Ulver is probably best known for the 1997 black metal opus Nattens Madrigal, a release so over-the-top that even the Black Metal Hordes were left scratching their heads (while banging them, of course). With the exception of one very brief acoustic interlude, Nattens Madrigal is a textbook example of extreme metal gone extremely wrong. Scorched vocals collide with frenetic buzzsaw guitar attacks, savagely stitched together by terrorist blast beats. Part of the mythos surrounding Nattens Madrigal is that the production was intentionally flawed, a migraine-inducing mess of low-fi devastation, a burst of pure evil so raw that to this day fans perpetuate the myth that it was recorded in a forest.
Few could have guessed that after releasing three highly acclaimed “black metal” albums, Ulver would permanently disappear from the metal scene and refocus all of their energies to electronica. Teachings In Silence is a collection of two out of print EPs, Silence Teaches You How to Sing and Silencing the Singing, both released in limited editions in 2001. Teachings In Silence is headphone music for the paranoid and delusional. Beautiful ritual soundscapes are delicately layered over a bed of static and distorted, almost grunge-like, guitar licks. An occasional piano melody punctuates a diseased thought. One literally falls into a trance of sorts, gets lost in a tone or hidden rhythm, and the album is over.
I cannot recommend this album enough for fans of ambient music. What strikes me as remarkable is that one cannot tell which aspects of the music are electronic and which aren’t, and ultimately the listener could care less. What is clear is that unlike so many electronic artists, Ulver has an acute understanding of composition and is more than qualified to lead the listener on a musical journey. Every crackle and hiss, the sound of a skipping record, feedback, every sound element feels like it was created for a purpose. Teachings In Silence is, quite simply, a remarkable release.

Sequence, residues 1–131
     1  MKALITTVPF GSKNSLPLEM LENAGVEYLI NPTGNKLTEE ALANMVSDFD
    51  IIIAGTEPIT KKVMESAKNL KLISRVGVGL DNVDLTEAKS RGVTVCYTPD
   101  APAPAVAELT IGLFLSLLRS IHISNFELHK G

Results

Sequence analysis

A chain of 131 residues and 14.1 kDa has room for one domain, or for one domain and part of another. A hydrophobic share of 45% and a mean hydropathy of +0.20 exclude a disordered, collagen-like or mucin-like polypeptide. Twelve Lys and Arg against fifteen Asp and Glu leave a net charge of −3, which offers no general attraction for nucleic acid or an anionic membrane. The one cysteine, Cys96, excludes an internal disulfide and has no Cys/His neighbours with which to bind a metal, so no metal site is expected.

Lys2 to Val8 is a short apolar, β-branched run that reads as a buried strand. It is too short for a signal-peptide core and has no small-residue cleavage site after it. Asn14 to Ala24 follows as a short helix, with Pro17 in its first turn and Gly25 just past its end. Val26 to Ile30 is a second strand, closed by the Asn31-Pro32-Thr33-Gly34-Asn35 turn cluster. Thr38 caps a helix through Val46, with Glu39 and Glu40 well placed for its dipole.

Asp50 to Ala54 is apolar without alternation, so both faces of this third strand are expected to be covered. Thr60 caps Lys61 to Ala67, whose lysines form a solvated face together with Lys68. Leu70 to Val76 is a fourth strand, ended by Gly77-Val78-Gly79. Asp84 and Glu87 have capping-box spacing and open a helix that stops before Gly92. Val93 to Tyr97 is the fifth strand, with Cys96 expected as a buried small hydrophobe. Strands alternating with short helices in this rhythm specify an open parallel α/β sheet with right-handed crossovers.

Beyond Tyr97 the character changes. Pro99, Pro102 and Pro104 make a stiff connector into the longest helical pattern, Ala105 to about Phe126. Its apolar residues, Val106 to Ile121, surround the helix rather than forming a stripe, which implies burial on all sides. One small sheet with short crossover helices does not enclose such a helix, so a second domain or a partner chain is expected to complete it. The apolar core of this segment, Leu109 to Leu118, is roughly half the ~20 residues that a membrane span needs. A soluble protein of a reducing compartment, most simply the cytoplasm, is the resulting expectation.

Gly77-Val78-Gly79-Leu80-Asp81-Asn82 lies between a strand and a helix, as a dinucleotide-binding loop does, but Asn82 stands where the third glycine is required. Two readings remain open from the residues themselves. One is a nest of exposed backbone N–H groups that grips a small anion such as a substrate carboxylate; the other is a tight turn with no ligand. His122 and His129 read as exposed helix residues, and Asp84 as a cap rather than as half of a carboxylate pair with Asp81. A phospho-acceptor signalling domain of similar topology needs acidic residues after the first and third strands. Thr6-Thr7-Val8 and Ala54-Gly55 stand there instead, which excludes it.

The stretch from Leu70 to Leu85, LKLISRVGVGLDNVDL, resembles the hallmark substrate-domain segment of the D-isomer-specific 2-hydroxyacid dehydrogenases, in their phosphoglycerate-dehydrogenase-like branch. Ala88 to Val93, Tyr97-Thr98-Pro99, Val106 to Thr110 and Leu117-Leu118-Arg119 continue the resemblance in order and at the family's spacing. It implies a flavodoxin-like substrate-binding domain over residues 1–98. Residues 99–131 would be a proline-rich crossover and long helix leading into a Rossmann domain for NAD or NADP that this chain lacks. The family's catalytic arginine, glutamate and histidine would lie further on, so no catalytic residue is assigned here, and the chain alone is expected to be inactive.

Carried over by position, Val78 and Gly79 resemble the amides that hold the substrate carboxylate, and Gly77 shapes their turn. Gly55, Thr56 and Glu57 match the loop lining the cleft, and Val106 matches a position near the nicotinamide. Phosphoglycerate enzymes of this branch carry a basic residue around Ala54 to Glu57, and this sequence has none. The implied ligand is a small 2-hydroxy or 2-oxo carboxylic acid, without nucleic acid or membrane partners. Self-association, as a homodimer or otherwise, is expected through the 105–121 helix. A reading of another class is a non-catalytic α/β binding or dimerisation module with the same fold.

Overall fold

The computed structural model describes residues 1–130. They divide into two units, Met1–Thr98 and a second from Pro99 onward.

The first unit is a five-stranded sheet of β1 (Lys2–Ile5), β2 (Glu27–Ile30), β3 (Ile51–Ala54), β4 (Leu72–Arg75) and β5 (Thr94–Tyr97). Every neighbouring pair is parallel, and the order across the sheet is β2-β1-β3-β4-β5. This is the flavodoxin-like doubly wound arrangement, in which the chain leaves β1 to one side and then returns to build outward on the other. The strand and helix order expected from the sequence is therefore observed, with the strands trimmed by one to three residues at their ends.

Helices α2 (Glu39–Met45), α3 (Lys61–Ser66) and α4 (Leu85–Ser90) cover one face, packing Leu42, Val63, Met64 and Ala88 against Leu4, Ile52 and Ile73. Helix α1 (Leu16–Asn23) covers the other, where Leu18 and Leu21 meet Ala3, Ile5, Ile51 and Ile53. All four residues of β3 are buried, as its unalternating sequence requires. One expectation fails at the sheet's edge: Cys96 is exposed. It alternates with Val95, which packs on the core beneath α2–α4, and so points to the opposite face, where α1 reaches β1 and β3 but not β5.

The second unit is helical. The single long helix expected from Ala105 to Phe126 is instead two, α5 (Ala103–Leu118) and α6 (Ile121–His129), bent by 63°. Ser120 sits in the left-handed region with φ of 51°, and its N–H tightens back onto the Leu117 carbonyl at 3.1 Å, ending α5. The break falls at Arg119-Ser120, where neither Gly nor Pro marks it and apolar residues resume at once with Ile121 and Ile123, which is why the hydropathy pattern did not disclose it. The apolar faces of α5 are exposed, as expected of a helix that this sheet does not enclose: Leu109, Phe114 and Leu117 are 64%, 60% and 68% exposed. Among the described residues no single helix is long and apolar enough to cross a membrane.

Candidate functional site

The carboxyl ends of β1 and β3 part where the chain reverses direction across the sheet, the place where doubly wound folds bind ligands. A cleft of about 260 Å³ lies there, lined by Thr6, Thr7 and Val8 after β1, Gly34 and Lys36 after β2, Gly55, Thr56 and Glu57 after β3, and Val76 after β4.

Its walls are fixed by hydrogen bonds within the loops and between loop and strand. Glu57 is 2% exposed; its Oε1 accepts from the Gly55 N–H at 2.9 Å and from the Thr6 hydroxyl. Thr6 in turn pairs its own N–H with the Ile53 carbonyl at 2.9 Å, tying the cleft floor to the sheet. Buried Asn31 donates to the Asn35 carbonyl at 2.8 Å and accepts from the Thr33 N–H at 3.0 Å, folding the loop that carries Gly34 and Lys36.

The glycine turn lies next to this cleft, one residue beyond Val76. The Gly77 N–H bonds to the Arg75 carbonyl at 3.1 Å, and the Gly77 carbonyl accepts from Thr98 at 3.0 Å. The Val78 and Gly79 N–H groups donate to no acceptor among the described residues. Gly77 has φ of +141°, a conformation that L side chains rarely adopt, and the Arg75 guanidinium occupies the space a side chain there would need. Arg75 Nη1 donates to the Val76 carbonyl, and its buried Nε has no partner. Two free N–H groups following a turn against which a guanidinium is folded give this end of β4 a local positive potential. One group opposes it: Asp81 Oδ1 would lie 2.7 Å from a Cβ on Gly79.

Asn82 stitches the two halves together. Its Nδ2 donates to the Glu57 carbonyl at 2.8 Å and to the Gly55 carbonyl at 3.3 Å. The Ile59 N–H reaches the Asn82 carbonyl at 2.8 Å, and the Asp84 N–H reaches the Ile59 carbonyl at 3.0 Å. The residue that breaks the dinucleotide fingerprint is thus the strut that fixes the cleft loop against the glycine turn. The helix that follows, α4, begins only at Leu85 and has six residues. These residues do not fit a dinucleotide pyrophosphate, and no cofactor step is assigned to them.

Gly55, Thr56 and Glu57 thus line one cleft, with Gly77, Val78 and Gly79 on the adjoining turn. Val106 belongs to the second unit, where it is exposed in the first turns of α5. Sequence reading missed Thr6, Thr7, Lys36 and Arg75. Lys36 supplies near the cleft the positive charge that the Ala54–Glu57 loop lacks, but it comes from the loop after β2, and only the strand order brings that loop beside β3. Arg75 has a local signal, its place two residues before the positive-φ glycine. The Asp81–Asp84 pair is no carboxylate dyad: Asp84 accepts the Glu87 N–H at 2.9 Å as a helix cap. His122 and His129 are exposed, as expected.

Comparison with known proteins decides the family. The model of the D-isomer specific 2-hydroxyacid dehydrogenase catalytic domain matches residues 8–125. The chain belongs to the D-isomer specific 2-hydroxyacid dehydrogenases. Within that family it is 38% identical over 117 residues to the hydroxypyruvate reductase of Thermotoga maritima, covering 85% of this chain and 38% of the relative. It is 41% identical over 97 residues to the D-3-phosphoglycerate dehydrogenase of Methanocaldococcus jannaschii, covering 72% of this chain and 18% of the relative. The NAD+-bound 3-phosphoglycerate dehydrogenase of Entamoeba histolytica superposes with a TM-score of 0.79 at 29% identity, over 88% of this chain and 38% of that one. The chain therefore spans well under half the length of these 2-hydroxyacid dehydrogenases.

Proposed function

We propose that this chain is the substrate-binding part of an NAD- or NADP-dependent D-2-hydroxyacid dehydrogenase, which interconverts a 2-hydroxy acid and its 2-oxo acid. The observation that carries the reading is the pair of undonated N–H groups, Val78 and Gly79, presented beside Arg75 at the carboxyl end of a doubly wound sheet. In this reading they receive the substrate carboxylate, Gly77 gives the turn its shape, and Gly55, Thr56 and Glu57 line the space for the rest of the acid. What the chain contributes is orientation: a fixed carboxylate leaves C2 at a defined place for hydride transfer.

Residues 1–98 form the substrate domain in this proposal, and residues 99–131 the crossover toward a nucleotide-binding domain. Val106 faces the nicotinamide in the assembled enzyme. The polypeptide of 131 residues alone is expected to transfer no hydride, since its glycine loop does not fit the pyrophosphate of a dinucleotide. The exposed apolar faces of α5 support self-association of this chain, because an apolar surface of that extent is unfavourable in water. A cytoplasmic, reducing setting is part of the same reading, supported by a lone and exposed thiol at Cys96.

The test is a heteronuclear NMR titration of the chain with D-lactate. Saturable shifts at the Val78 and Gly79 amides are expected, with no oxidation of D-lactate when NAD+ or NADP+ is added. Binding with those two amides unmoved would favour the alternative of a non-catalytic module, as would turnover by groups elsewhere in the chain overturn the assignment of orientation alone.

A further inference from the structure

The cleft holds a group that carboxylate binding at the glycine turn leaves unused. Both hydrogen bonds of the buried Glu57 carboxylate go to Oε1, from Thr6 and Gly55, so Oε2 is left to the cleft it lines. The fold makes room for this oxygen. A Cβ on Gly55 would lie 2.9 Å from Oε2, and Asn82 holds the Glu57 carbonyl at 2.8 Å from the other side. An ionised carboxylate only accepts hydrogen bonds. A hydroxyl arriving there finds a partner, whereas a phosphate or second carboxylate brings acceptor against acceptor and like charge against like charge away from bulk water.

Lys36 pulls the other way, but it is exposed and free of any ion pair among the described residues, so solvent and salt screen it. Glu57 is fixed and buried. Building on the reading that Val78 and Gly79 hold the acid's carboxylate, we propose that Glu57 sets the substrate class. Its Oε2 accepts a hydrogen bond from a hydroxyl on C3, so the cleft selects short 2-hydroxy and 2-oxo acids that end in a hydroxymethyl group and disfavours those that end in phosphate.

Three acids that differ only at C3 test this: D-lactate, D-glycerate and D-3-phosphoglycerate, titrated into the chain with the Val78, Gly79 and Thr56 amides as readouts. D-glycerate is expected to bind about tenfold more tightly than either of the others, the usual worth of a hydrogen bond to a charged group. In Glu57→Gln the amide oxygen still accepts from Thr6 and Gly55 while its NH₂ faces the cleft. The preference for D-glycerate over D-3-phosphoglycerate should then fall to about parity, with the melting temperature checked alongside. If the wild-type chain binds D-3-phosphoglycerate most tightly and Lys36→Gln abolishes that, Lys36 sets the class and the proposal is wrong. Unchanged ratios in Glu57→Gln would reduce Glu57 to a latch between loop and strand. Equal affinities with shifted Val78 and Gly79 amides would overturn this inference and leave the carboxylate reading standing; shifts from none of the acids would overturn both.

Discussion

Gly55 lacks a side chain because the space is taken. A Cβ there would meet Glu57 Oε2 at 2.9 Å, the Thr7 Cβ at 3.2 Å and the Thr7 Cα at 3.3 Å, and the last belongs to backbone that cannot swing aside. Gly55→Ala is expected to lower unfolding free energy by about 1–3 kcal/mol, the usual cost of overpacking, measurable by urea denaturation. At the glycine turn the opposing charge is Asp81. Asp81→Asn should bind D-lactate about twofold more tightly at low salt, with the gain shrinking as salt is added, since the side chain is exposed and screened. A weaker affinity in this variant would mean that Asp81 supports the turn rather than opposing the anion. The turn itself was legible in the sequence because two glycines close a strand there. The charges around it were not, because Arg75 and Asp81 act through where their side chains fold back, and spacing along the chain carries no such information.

For more Gothic-Industrial content, along with other electronic music genres, please see the following:
- amGod ‘Dreamcatcher’ Box Review
- Cock E.S.P. / Panicsville: Last Train to Cocksville (review)
- Doormouse: Freaked Out Mess (review)
- Doormouse: Messed Out Freak (review)
- Earth Loop Recall: Compulsion (review)
- Jihad | Live In Bratislava 28-02-2015 – Dark EBM Souls
- N3VOA: Wasted Memories (review)
- Red Reflection: Prelude to Annihilation (review)
- Rob Gee: Na Na / Fuck Osama Bin Laden (review)
- Suicide Commando: [Cause Of Death: Suicide] [One Nation Under God]
- Ulver: A Quick Fix of Melancholy (review)
- Various Artists: Interbreeding II: Industrial Mutation
This review was originally written for MusicWerks Magazine Issue #3, published in August of 2004.
ErikTomrenWrites is a participant in the Amazon Services LLC Associates Program, an affiliate advertising program. Your purchases on Amazon.com via our links will help support ErikTomrenWrites – at no extra cost to you!
One thought on “Ulver: Teachings In Silence (review)”
Pingback: Suicide Commando: [Cause Of Death: Suicide] [One Nation Under God] - #ErikTomrenWrites